The same applies to political rights: all have a right to public occupations, elections, nomination, and all other kinds of public practices. None of the items in the draft constitution imposes restrictions on such rights or imply inequity whatsoever between the citizens. Dr. Zahmoul confirms this saying that the stipulations identified for getting a post are the same as those required for parliamentary membership: the candidate should be an Egyptian of good reputation. Moreover, each individual, irrespective of his cult or creed, is given freedom of opinion and speech.

The right to resist oppression

Article 91 establishes an unprecedented right. This is, each individual living in this Islamic state, bearing the Egyptian nationality has the right to resist the oppression practiced by rulers. The statement reads: “this right, given to every citizen and to all people, is considered one of the most sacred rights and duties”. This article allows all people of different affiliations and legal statuses to strive for their rights and for stopping the tyranny of rulers. Such right is again not restricted to any particular religious affiliation. Dr. Badawi comments saying that such statement conforms to Islamic ruling, yet goes counter to entirely all democratic constitutions, which hold such right as a threat to the stability and security of the community.

 Islam is the religion of the state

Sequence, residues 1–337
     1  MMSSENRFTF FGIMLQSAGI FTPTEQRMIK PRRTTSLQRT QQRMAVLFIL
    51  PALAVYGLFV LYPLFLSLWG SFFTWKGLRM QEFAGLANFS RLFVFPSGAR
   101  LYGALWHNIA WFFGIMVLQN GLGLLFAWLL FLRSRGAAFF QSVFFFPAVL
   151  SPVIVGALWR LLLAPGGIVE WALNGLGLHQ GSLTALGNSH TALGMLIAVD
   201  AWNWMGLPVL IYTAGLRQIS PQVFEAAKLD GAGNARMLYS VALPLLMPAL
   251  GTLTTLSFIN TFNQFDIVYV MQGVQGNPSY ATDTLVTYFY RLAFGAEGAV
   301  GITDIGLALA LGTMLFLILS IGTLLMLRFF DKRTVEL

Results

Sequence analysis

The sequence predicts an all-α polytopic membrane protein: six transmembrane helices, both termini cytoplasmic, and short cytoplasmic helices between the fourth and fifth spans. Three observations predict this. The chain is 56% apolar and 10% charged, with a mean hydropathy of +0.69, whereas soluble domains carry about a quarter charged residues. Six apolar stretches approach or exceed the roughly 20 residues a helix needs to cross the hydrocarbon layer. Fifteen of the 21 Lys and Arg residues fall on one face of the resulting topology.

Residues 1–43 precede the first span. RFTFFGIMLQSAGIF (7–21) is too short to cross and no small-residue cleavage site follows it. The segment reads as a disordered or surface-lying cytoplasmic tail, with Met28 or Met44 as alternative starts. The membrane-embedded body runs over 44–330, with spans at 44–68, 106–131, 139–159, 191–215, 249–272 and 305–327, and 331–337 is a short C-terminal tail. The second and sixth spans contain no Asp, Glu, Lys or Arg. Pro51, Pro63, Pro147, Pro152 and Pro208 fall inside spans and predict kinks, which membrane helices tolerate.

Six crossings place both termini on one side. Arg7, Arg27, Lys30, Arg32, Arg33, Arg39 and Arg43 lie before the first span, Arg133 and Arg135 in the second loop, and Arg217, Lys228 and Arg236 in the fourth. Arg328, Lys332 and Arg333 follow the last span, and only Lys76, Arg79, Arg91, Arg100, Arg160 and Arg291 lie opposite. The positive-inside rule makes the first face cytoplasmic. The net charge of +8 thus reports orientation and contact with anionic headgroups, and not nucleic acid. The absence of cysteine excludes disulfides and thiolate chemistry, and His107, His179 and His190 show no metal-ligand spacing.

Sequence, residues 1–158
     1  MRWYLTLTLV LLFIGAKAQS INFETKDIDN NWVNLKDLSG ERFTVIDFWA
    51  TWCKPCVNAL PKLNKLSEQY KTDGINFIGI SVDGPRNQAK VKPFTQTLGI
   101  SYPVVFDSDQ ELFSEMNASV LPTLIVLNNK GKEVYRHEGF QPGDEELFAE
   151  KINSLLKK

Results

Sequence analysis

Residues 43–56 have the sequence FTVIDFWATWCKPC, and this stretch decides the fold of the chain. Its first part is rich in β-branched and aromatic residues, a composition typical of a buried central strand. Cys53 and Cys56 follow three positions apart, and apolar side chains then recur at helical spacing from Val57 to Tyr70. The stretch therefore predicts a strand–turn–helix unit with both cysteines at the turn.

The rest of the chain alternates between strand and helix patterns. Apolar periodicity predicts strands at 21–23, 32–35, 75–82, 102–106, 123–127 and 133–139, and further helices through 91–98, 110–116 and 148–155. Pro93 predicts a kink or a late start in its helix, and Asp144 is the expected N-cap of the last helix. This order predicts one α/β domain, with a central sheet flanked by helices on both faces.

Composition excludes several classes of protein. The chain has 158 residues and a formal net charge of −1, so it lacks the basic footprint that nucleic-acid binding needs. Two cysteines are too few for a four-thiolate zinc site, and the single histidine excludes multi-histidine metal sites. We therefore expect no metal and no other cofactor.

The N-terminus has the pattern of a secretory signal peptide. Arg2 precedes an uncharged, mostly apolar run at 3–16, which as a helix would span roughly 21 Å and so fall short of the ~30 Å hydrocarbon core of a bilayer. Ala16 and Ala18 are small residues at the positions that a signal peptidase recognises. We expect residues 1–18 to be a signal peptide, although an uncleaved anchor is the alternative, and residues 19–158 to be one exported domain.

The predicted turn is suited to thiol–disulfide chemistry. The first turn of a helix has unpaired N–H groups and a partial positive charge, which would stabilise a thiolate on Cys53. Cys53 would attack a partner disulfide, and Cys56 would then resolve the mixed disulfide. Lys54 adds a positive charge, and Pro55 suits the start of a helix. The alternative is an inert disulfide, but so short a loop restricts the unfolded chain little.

According to Justice Tariq Al-Bishri, the Coptic leaders never objected to the statement (included in the 1923 constitution) that determined the state’s religion to be Islam. In fact, this statement was adopted by all successive constitutions in the modern age, despite the many amendments they have undergone hitherto. It was indeed adopted by the MB draft constitution, whereby article 97 states that Islam is the religion of the state and Arabic is its official language. This same article is believed by legalists to be reminiscent of some modern constitutions, such as the 1924 Turkish constitution. In fact, article 45 of the Portuguese constitution states that Catholicism is the state’s first religion (this was in line with the Greek constitution, which was issued in 1911 and was handed down to the successive Greek constitutions). The Greek constitution states that the Eastern Orthodox creed is the official religion of Greece. Also, article 3 of the Danish constitution states that the Lutheran Evangelical Church is the national Danish church, which implies a pro-Protestant stance. Indeed, article 5 of the same constitution states that the king should be affiliated to the Lutheran Evangelical Church. Article 7 of the Italian constitution issued in December 22, 1947 states that Catholicism is the religion of the state. This article was never expunged until 1984 in agreement with the Vatican. Several similar statements could be found in the constitutions of each of Sweden, Norway, Spain, Romania, Latin America, and Turkey. Also, article II of the Austrian constitution states that Dutch is the language of the republic, while article 116 of the Swiss constitution state that Dutch, French and Italian are the three official languages of the Swiss Union. While all the aforementioned states are old hands at democracy, none of them apprehends establishing its legislation on the basis of the main components of its culture and heritage, as long as this does not trespass on the rights of minorities. This last point finds much greater support in the draft constitution proposed by the Muslim Brotherhood, whereby article 99 reads: “The members of each cult, other than the Muslims, are left to choose their religious leaders in accordance to a law that addresses such situations”. The article thereby gives all cults of the nation the freedom of self-determination, without any interference on the state’s part.